“Latest from the CMB” with Erminia Calabrese (Cardiff University, UK)

The use of the Cosmic Microwave Background radiation (CMB) to study the physics of the Universe is one of the greatest success stories of modern cosmology. Over the last two decades, the astonishing agreement between the theory and increasingly-precise observations of CMB temperature and polarization has led to the establishment of a concordance cosmological model. However, despite having constrained the parameters of this model to sub-percent precision, many fundamental questions about the Universe are still unanswered: we still need to find out how the Universe began, what is the nature of dark matter and dark energy, what are the properties of neutrino particles and what happened at cosmic dawn. To answer these questions new, more powerful CMB data are being collected, analysed and planned for. In this talk the speaker gives a snapshot of where we are in CMB cosmology, how we got here and where we are heading next.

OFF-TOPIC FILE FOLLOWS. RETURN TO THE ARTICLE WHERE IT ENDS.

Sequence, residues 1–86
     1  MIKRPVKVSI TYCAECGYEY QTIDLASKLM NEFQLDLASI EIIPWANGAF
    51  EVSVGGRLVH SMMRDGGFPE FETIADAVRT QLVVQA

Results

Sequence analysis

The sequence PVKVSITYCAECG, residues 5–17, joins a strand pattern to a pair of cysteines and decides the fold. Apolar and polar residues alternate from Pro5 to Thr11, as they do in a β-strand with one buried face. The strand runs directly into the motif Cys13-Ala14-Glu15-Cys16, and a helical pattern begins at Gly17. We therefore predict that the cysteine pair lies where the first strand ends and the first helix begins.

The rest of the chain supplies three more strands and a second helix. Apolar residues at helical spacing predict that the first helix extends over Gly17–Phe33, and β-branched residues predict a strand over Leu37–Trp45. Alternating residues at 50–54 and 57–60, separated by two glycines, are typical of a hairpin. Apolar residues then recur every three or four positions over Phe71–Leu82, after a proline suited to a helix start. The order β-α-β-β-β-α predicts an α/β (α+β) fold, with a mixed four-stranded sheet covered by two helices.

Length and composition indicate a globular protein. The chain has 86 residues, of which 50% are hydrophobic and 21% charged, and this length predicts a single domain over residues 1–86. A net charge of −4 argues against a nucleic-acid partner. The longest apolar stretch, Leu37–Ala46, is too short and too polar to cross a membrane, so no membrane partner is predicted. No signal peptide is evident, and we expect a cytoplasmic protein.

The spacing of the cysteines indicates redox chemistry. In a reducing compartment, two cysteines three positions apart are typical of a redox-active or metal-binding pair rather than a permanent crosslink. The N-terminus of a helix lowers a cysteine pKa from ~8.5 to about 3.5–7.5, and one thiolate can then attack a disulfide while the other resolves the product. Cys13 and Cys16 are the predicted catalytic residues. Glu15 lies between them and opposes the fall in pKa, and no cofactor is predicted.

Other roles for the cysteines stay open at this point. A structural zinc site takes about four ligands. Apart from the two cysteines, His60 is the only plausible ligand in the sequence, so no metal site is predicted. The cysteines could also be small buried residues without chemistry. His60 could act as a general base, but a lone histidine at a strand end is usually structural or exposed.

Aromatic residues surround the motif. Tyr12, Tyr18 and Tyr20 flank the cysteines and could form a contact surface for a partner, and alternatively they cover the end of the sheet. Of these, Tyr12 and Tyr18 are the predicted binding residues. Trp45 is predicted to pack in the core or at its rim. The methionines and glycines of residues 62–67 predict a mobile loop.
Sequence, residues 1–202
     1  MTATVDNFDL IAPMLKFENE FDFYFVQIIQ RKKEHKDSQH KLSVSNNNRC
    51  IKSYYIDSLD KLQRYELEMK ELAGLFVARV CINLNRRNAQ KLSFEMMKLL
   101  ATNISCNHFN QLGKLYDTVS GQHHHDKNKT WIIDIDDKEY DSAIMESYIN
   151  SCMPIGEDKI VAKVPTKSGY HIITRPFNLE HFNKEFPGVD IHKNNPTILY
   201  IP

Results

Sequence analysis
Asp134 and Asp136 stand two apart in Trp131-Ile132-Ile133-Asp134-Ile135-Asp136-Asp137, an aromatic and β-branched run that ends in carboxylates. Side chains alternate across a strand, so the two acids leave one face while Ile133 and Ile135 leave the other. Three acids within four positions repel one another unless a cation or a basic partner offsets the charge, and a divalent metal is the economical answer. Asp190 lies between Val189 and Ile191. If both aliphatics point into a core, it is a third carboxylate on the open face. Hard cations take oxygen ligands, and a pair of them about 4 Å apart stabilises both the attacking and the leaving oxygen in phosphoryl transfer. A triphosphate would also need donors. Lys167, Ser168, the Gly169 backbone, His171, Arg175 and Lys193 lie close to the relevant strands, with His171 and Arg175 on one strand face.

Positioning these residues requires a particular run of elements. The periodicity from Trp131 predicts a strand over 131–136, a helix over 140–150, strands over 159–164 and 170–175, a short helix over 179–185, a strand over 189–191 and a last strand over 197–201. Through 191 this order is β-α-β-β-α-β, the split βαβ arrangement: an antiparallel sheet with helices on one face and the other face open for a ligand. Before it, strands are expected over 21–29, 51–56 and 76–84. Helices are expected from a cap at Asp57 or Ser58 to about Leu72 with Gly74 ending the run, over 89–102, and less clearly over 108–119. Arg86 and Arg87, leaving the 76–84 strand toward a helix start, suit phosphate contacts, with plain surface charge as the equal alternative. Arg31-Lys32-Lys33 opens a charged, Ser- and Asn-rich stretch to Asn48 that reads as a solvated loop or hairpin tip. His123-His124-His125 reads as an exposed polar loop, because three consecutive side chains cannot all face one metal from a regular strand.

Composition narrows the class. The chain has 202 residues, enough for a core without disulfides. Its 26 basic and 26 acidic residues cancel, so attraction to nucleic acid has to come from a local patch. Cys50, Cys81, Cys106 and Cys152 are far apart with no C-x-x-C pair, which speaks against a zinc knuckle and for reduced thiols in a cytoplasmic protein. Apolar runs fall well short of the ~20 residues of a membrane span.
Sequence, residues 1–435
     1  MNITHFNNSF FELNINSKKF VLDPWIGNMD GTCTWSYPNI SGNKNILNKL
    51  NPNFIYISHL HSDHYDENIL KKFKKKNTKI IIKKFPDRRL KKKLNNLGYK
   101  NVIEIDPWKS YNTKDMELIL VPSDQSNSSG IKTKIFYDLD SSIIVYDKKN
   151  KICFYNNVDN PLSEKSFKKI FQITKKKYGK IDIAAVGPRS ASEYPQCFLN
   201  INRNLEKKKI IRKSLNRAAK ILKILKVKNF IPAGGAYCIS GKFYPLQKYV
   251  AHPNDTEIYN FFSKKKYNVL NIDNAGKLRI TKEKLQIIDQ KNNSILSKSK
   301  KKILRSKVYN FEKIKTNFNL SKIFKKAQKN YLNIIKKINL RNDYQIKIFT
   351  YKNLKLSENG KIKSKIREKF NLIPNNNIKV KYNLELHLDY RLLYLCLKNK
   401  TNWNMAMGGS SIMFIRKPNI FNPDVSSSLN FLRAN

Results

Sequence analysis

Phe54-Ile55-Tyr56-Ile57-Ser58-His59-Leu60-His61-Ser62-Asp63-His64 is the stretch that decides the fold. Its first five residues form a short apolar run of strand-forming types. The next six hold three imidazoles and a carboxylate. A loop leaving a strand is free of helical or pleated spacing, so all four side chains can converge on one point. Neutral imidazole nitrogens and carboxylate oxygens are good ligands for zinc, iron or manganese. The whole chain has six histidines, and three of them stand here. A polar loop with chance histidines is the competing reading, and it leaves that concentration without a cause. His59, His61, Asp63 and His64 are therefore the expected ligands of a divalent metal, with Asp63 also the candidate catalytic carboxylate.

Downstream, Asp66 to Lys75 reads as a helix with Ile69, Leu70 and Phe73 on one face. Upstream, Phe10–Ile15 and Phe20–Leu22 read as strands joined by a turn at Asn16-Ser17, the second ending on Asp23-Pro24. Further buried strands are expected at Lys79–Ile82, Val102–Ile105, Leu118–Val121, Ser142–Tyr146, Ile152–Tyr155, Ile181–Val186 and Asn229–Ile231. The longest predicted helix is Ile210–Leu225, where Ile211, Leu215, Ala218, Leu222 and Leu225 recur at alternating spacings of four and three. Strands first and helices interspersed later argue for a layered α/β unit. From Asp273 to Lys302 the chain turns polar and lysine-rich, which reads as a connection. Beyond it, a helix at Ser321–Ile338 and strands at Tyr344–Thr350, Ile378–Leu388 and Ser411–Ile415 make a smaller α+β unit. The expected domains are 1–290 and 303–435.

Erminia Calabrese is a Professor of Astrophysics at the School of Physics and Astronomy of Cardiff University. She obtained her PhD in Rome at Sapienza University and then moved to the UK in 2011. She spent 4 years in Oxford as postdoctoral research associate and Beecroft Fellow, moved to Princeton University during 2015/2016 as Lyman Spitzer Fellow, and then back to Oxford to start an Ernest Rutherford Fellowship. In May 2017 she moved to Cardiff University to join the Astronomy Instrumentation and Astronomy & Astrophysics groups where she leads a cosmology team supported by a European Research Council Starting Grant. Erminia Calabrese works at the intersection of cosmological theory and data analysis of the Cosmic Microwave Background signals, and combines the CMB with galaxy surveys to obtain state-of-the-art constraints on cosmological scenarios, including limits on neutrino physics, dark energy and inflation. She also works on the design and definition of the next generation of experiments. She is a member of the Atacama Cosmology Telescope collaboration and she chairs the Simons Observatory Theory and Analysis Committee; she also act as UK coordinator and European Deputy Spokesperson of the future LiteBIRD satellite.

Webinar was recorded on October 6, 2022